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SirWeeble

Realistic space battles - fun or not?

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I'm not developing a game on this idea, and likely won't for the foreseeable future, but it's something I've mused about and researched for a long while. I wanted to share it and see if anyone else thinks there's room for an interesting game within the speculative fiction.

 

Star-wars/Star-trek-esque space battles are cool and interesting, but essentially the paradigm of "fleet battles" has been trapped in WW2 naval-battle iconology for nearly a century. Even modern full scale naval battles wouldn't be anything like this, so any depiction of space battles using ww2 style fleets is just as likely as them lining up in massed infantry battles in space.

 

From what I've researched, if in the future there were space battles, they would occur at mind-boggling ranges. 10,000 or 100,000 miles or more. Fighting would probably be very slow and i would take hours or days for the shots to reach their target. Spaceships would likely be coated in light or radar absorbing materials to prevent detection and the majority of the "battle" would be focused on spotting an enemy target, calculating trajectories and alternate trajectories, firing, and waiting for results. Staying stealthy would also be a big focus. The more shots you fire, the more likely you will be spotted and fired upon. There would likely be some sort of counter-measures if you can detect incoming missiles (which would presumably have a heat signature), but projectiles would not be detectable. Too small and no heat signature.

 

It seems that mass-drivers and missiles would be the only realistic weapons to use, although lasers would be a possibility, but they wouldn't be nearly as damaging.

 

Defenses would likely consist of surprisingly primitive things. Chaff would likely defect or soften mass-driver rounds. If a 4-inch mass driver hits a pebble-sized chaff while moving at 5,000 mph, the impact speed would likely shatter the mass-driver round or knock it off course. Reflective or particle chaff would be an effective counter to lasers, and lasers would probably be the defense of choice against missiles.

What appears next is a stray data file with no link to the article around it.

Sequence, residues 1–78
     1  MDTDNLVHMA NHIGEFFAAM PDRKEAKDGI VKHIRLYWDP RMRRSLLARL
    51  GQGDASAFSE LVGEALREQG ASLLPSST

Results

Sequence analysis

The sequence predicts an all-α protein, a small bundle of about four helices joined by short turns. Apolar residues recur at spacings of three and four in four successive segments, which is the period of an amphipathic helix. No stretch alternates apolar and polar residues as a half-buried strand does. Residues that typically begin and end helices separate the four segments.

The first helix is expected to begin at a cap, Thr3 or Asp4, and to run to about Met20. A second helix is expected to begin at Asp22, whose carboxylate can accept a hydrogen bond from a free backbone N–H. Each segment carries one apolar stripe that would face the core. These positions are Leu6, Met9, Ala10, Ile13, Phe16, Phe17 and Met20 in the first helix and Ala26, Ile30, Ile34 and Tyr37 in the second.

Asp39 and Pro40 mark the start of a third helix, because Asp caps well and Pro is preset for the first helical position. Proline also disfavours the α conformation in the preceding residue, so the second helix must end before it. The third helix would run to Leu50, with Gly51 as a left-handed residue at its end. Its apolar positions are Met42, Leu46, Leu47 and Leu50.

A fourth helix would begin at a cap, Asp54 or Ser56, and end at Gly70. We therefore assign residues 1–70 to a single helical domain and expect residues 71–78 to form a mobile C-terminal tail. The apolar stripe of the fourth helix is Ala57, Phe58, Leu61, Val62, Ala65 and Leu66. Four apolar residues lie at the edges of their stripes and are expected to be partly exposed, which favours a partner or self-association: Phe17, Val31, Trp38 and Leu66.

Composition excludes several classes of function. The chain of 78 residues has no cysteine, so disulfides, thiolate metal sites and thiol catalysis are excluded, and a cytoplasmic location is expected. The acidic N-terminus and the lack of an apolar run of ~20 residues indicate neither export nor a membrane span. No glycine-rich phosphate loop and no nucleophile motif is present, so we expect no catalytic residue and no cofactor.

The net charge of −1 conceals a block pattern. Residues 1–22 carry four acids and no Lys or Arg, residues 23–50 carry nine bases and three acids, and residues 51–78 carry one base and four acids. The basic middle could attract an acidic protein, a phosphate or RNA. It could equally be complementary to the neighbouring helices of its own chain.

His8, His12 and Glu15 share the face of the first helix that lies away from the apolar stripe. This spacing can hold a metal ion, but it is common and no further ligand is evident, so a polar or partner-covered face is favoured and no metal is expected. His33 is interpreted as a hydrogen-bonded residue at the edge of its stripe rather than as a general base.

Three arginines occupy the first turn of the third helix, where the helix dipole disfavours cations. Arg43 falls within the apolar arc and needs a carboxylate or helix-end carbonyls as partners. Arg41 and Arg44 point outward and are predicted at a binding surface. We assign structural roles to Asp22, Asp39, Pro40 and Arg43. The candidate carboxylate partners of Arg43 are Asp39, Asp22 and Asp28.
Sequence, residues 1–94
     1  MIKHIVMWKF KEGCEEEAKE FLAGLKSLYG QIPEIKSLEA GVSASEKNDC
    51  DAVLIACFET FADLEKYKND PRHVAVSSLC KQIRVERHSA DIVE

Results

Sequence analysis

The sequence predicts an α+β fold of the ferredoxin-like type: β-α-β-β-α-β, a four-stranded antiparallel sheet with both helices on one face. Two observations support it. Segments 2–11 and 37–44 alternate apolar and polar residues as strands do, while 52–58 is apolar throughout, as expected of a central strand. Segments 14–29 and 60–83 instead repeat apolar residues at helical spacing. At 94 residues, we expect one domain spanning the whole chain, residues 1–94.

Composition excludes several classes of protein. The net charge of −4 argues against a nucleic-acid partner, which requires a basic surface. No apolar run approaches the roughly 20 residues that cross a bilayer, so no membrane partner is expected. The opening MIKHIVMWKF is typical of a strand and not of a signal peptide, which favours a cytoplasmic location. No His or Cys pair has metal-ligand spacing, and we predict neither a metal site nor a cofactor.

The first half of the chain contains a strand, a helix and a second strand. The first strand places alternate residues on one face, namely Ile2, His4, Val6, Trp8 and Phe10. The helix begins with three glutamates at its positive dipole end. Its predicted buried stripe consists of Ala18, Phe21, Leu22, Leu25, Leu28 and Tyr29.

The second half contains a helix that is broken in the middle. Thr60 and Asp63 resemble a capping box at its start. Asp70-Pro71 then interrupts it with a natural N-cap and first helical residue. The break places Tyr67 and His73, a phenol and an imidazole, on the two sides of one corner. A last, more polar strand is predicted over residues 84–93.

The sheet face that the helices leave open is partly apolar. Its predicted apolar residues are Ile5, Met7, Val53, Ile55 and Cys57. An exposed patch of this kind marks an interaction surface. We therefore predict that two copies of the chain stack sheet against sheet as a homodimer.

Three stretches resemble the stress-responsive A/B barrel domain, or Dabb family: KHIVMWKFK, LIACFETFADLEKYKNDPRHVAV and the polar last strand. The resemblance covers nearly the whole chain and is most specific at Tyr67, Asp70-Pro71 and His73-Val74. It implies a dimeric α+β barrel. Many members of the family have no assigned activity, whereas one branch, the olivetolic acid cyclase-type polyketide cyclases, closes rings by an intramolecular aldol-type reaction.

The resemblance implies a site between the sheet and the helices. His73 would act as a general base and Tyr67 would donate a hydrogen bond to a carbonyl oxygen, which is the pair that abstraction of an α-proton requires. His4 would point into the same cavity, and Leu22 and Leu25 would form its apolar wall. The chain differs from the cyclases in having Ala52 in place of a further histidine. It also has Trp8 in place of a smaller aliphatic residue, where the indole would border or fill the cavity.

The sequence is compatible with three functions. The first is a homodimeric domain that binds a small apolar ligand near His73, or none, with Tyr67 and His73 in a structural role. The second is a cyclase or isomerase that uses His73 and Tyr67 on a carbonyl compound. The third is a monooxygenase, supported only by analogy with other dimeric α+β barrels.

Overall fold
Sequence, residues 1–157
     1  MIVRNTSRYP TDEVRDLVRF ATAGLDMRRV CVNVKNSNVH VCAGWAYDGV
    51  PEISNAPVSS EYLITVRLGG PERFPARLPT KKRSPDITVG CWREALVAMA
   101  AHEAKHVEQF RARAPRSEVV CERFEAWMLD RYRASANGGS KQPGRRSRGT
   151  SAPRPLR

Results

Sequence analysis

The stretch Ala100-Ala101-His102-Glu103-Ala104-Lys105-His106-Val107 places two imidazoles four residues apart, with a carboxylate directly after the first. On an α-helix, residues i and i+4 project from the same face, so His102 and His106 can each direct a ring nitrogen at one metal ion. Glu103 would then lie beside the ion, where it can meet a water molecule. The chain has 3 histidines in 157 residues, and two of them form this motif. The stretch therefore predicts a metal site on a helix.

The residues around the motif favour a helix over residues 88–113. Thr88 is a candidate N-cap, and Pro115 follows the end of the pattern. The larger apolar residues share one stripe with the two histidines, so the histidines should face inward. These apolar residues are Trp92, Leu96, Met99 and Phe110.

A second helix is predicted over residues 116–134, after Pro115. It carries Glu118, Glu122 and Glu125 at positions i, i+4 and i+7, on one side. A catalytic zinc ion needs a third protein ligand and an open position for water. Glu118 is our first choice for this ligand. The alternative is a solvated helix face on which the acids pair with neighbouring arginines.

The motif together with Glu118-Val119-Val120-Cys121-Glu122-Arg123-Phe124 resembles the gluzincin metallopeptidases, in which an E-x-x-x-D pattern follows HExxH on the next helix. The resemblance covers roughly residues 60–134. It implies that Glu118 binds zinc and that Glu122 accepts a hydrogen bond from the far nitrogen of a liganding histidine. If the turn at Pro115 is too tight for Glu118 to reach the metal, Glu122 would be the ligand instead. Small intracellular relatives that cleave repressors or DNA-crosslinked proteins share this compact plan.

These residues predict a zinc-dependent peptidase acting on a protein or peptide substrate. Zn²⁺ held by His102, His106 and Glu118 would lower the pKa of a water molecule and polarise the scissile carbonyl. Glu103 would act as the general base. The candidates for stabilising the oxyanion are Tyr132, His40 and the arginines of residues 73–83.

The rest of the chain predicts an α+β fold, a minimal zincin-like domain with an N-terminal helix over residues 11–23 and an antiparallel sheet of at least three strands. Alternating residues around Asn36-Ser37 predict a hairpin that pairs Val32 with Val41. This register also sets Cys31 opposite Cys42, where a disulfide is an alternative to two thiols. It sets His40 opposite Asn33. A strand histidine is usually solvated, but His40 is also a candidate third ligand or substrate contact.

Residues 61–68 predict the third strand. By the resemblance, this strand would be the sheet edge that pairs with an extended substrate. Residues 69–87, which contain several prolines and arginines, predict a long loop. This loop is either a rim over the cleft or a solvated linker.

Armor would more than likely be useless, as almost any hit would have the impact power of a nuclear weapon.

 

It seems that ships would likely be fairly small. Likely modern-spaceship sized with weapons attached. Probably quite ugly, and utilitarian. I would imagine a fairly small crew as well Maybe 3-5 people. If they were meant to operate in space for an extended period, the bulk of the craft would be the living quarters. 

 

The only way I imagine this being any fun would be as a simulator-like real-time strategy style game (that can fast forward) Either controlling  a handful of ships or controlling one from FPS mode from inside the cockpit - but interfacing the controls to access the "strategy" game. I imagine something with the tenseness of the "Hunt for Red October", or "Crimson Tide", or other similar submarine battle movies.

 

I've a few ideas for such a game for a while, but never started prototyping it because my fear is that while i would intend for it to reflect tense submarine battles in slo-mo, it might end up playing like a really boring and slow version of Battleship (the board game).

 

 

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You really should get a prototype up and running fast.

 

I tried to make a hacking game that was real.  So boring.

In my experience, the more realism, the less fun it is.  

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As long as there is no concept of shield/deflector/absorber/whatever, any space battle would be throwing rock to each other from your glass castles.

 

Without this all I can come up with atm is a cloak and dagger game also involving using gravitation of planets (to speed up, to crash) , astroid belts, black holes and stars.

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As long as there is no concept of shield/deflector/absorber/whatever, any space battle would be throwing rock to each other from your glass castles.

That's roughly what modern surface warfare looks like (supposing we still had large naval engagements). A direct hit with a single anti-ship missile is enough to take out at least frigate and destroyer class vessels, and as ships generally lack the speed and maneuverability to evade incoming missiles, they must rely on point-defence systems and electronic countermeasures to survive.

 

(if you are interested in the real-world context, both the Yom Kippur/Ramadan war and the Falklands war are instructive as to this form of warfare)

 

Especially given the range of aircraft and missiles in this day and age, warfare is heavily centered on intel and air superiority. If you know where the enemy is before they know where you are, and you have the air superiority to reach them, then you have a near-insurmountable advantage.

 

In terms of a space game, this starts to look, as you say, as a game of stealth and positioning. You want to remain undetected while finding the enemy, and when you find them/are found, you want to be in a position where it's easy to chuck missiles at them (i.e. down a gravity well), and hard for them to return fire.

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"Realistic Space Battles" look rather dull, seeing as they don't exist and therefore don't happen. 

 

However, since that is an overly boring answer it is better to start looking at how technology could advance and make warfare something remotely worthwhile.